API testing requires code knowledge. Even when an agency has the resources available to test, they may be handicapped from using modern API testing solutions that leverage API service definition files for test creation if these assets are not contracted for delivery to the agency from the third-party development vendor.
Parasoft SOAtest solution for API and end-to-end test automation offers both a bottom-up and top-down approach for API test creation.
For teams doing in-house development and looking to test their APIs early in their SDLC, Parasoft SOAtest offers the bottom-up approach for scriptless API test creation through either request/response pairings or through the consumption of service definition files like Swagger, WSDL, or WDLE.
For browser-based REST APIs, Parasoft offers a top-down approach that utilizes AI to scriptlessly convert manual web UI activities into full API test scenarios.
I previously mentioned the Parasoft Recorder. Parasoft Selenic users record actions on the web UI and convert them into non-vendor locked Selenium page object model tests. When used with Parasoft SOAtest’s Smart API Test Generator module, this same recorder can create full API test scenarios.
When using Selenic and SOAtest together, a QA tester can record a user story on the web UI. From that single recording, the QA tester can create a Selenium test and a corresponding API scenario test. The artificial intelligence engine in the Smart API Test Generator analyzes the traffic recording. It looks for patterns and relationships between the APIs being invoked. It also looks at how data is handled and generates a complete API testing scenario following the user story.
No scripting, no service definition files and no domain knowledge is needed to create these tests. As the API test scenarios being created directly correlate to the web UI activities conducted by the QA engineer, novice users are able to gain a greater understanding of how the APIs are being used in the system and the APIs’ relationship to the UI.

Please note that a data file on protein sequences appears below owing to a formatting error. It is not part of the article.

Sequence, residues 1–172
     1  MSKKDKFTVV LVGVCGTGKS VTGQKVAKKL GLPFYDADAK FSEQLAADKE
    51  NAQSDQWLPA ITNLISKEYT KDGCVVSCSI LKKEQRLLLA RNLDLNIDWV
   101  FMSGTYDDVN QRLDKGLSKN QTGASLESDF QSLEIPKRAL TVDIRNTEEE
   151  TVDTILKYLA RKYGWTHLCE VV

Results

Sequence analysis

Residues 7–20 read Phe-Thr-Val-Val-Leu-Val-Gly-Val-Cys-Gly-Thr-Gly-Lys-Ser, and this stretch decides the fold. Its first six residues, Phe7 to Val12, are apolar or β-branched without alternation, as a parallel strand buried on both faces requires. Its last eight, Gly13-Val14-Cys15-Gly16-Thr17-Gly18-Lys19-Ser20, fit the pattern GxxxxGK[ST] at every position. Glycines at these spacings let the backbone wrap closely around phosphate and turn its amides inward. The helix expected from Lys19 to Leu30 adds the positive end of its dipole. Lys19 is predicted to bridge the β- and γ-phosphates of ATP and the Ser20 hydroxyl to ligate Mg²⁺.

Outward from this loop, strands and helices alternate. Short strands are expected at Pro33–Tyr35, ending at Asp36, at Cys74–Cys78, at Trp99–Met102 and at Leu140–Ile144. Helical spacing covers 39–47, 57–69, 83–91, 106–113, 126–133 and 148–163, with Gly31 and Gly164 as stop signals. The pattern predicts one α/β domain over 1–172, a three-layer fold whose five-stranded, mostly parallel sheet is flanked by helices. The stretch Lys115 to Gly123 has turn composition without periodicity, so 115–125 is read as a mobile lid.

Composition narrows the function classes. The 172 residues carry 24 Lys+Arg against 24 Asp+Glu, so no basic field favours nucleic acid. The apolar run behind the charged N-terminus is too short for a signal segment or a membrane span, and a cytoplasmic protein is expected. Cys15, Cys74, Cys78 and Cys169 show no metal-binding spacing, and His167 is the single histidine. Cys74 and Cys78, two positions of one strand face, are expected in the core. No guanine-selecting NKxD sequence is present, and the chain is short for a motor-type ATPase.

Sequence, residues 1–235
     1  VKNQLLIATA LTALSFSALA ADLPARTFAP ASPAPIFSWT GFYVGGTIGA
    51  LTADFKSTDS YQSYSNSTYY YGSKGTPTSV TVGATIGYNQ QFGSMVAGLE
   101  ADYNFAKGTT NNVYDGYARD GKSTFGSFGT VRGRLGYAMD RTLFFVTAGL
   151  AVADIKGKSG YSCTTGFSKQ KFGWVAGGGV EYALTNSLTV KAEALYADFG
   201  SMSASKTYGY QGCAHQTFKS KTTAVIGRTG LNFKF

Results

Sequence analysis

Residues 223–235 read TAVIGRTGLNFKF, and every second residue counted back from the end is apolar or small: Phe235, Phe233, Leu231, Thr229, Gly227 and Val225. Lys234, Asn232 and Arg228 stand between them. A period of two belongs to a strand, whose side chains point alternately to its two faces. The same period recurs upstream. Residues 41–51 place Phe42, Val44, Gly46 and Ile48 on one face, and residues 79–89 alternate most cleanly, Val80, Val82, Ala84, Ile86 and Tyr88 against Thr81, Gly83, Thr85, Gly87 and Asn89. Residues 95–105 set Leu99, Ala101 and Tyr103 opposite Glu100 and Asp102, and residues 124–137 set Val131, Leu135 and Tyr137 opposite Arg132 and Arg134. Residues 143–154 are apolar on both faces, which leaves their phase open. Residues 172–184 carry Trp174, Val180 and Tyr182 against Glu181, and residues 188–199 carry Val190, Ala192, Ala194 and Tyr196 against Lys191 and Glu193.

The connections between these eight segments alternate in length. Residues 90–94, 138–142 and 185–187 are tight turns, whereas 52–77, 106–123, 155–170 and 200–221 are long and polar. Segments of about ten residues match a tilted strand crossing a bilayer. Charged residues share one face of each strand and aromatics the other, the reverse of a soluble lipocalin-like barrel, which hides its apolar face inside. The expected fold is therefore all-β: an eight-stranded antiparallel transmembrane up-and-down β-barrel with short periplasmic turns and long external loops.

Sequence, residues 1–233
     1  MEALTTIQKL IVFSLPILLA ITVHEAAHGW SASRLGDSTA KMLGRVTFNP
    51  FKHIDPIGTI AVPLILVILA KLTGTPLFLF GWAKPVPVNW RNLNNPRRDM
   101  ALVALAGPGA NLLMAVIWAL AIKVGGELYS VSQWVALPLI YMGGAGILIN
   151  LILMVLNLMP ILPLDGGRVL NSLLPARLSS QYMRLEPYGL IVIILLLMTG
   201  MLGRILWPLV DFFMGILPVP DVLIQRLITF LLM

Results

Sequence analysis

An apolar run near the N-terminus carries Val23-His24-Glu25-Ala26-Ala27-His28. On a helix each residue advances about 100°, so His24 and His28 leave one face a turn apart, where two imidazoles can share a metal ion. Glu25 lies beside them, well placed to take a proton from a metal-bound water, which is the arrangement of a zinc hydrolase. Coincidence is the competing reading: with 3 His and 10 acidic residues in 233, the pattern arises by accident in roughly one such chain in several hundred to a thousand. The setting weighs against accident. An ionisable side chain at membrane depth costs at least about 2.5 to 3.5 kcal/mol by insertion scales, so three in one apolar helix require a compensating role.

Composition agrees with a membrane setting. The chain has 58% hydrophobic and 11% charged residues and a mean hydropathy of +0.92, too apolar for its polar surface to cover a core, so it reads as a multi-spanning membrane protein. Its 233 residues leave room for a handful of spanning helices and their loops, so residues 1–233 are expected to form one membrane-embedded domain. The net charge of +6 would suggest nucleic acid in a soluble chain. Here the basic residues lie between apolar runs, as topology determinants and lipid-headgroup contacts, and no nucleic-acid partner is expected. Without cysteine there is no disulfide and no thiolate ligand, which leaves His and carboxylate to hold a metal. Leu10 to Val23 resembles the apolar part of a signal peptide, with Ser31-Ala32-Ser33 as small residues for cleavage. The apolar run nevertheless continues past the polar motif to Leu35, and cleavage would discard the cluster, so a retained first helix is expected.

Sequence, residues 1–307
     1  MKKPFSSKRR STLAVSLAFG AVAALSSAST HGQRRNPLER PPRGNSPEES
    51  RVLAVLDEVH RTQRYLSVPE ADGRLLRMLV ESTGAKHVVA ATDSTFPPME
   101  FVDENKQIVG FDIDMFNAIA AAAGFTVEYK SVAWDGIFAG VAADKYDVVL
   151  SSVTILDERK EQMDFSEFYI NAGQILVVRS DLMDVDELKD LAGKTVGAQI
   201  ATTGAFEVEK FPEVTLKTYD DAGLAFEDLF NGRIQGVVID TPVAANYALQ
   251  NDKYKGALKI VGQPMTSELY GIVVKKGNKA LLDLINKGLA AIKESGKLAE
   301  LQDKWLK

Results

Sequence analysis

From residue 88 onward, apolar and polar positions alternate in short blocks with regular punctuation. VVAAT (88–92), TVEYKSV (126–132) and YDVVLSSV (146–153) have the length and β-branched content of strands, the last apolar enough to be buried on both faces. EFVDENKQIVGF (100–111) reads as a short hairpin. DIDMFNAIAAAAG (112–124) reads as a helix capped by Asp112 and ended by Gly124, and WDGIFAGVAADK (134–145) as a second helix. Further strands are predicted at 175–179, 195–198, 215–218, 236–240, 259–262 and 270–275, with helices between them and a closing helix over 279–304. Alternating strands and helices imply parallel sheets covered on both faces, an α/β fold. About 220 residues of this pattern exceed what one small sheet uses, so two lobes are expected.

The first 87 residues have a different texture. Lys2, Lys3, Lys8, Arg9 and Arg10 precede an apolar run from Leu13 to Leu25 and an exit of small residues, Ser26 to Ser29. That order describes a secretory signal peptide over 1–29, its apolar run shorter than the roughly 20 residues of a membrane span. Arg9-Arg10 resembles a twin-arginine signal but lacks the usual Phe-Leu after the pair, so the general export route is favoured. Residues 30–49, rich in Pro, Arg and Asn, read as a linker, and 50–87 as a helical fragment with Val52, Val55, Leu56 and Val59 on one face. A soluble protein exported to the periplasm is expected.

Small government QA teams with limited resources and a lot to test can validate government applications quickly. The ability to create self-healing web UI Selenium tests and automated API test scenarios at the same time is powerful. Using an effective automated functional testing solution, teams can do more thorough testing with minimal manual effort, resulting in better coverage and quality.
Want to learn more? Watch our on-demand webinar to see Parasoft SOAtest and Selenic in action. Connect with the Parasoft Government Solutions team at GovernmentSolutions@parasoft.com.
An account manager at Parasoft, Jamie works closely with customers and prospective clients. Her expertise in helping organizations reach their goals through scalable and easily adoptable test strategies has helped her customers to organically shift from waterfall to agile and DevOps methodologies.